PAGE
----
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October 10, 2023

5,000-Year-Old Wine Jars Discovered—Could They Still Be Good?

Filed under: Fitness — Tags: , , — admin @ 8:57 pm

Archaeologists recently discovered hundreds of well-preserved jars containing remnants of what’s estimated to be 5,000-year-old wine along with grape seeds, according to a Newsweek story. During an archaeological dig at the Egyptian city of Abydos, the ancient jars were unearthed at the royal tomb site of an Egyptian queen.

Now, if you’re thinking this sounds like a deleted scene from an Indiana Jones movie, you’re not wrong. Some immediate (and valid) questions for wine enthusiasts might pop up along the lines of, “Are these jars even safe to open?” and “Should we even think about tasting that wine?”

With plenty of research left to be done, the possibility that this find could provide some insight on ancient wine production and extending the life of wine beyond what we know today remains active. With that in mind, we tapped our resident wine connoisseur and correspondent, Matthew J. Kaner for his expertise on the matter.

“Storing wine for the long haul takes the perfect storm of cool to cold weather conditions, lack of light exposure, minimal movement, and access to humidity,” said Kaner, who’s a decorated sommelier and CEO of a wine consulting business. “When all those line up, a well made wine can last generations!”

White wine and old jug

Getty Images

Some jars found at the archaeological site are unopened. And given the top-notch preservation methods of ancient Egyptians, it isn’t out of the question that they might still contain wine—or something resembling it. But they were buried in a tomb. Is that as good as a wine cellar or cooler?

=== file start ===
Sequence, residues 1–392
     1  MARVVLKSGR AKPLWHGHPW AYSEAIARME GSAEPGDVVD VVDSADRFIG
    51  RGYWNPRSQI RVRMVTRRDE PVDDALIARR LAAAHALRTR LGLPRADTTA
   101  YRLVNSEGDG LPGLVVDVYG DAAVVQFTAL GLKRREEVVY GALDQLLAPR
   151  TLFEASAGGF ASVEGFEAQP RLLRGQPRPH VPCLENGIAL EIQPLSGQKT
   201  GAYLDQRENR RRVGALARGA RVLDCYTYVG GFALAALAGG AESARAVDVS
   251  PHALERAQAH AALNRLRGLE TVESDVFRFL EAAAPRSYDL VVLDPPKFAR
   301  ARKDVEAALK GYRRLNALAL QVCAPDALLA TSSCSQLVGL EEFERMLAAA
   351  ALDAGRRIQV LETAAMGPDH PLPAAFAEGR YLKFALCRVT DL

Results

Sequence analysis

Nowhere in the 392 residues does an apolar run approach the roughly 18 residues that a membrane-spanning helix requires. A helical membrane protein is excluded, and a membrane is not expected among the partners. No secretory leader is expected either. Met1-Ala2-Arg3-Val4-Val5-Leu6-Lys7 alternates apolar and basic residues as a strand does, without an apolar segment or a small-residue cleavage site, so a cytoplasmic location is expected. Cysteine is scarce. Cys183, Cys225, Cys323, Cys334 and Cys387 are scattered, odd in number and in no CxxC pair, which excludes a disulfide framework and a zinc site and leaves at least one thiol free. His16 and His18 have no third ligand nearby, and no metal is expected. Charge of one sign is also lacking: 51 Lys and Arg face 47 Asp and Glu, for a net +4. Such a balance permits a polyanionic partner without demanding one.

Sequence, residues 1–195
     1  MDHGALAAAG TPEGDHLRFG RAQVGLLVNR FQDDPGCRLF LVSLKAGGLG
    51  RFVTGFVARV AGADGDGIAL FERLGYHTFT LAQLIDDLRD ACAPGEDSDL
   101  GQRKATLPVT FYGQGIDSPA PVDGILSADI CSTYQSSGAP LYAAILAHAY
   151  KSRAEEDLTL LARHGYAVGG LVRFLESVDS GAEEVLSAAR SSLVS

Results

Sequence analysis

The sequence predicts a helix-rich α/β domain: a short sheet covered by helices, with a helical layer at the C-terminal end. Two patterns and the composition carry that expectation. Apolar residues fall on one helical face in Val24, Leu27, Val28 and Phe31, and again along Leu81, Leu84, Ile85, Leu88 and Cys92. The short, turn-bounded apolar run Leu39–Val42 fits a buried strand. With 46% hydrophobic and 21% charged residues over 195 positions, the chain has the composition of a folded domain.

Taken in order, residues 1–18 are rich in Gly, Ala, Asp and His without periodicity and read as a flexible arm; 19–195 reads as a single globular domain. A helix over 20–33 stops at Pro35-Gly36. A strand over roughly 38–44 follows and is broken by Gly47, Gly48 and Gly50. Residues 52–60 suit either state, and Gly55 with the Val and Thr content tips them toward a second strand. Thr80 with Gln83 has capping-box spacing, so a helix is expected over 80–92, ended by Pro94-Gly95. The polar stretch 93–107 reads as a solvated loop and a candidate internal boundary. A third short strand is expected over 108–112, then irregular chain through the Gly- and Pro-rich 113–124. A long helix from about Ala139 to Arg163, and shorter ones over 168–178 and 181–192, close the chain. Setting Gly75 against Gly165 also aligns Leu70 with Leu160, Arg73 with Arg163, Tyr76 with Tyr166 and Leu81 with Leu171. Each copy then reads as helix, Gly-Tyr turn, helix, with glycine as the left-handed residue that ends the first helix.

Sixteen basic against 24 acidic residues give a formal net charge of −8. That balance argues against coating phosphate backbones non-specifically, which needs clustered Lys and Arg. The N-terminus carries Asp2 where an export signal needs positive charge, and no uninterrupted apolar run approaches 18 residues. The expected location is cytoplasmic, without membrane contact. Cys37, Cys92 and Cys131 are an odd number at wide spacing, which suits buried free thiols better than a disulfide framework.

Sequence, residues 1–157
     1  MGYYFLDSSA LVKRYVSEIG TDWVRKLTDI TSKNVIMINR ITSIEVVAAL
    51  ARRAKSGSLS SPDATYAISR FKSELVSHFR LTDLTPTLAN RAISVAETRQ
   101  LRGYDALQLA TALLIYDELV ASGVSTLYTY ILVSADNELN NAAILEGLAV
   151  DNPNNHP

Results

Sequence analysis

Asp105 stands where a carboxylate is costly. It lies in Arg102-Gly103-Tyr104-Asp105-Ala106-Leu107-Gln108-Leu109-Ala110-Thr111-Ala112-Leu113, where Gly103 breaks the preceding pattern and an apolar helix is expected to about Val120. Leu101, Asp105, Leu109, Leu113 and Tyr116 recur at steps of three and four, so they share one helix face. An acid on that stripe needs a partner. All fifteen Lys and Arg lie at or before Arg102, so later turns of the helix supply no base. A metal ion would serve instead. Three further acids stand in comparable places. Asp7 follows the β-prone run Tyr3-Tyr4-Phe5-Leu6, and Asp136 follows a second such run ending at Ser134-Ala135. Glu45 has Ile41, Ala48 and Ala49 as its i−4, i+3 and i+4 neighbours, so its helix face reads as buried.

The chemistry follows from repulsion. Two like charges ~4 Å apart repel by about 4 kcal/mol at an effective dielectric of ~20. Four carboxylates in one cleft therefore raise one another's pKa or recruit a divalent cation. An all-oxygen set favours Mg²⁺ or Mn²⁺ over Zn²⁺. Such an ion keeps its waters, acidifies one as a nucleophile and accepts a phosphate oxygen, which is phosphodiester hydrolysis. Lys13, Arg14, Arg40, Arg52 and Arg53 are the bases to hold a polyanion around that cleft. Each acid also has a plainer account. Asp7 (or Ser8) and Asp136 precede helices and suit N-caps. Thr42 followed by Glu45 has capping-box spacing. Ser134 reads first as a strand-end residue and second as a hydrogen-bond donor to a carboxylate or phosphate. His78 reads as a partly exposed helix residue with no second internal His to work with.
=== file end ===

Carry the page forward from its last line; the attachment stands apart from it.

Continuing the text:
“Using the earth as a womb for your wine is one of your best ways to age wine long-term without much additional cost to your efforts,” says Kaner. “Even on a hot day, the core of earth alongside the foundation of your house or apartment building is many, many degrees cooler.”

So, minimal movement: Check. Low light exposure: Check. But what about everything we’ve heard about the benefits of storing wine at room temperature? According to Kaner, that depends on if you’re enjoying wine over the short-term or long-term.

“Common misconceptions with storing wine often include people thinking they shouldn’t store [it] in their refrigerator,” said Kaner. “If the other option is to store it standing up, room temperature, in your house or apartment, the colder environment is way better suited to give the wine a long life. Room temperature will not hurt a wine in the short term, but overtime it’ll age the wine quicker, especially at low humidity.”

Related: 5 Tips for Choosing a Good Wine

The 5,000-year-old sticker might give pause to anyone thinking of tasting whatever wine is left in the excavated jars—though any data that’s derived from the samples could improve or totally revolutionize the way we produce and store wine.

“The oldest wine I have tasted is from the 17th Century, and believe me I’d love to taste something 5,000 years old,” said Kaner. “Whatever fruit was in the wine would have dropped off many millennia ago, but the umami characteristics and tertiary notes would be absolutely fascinating to try.”

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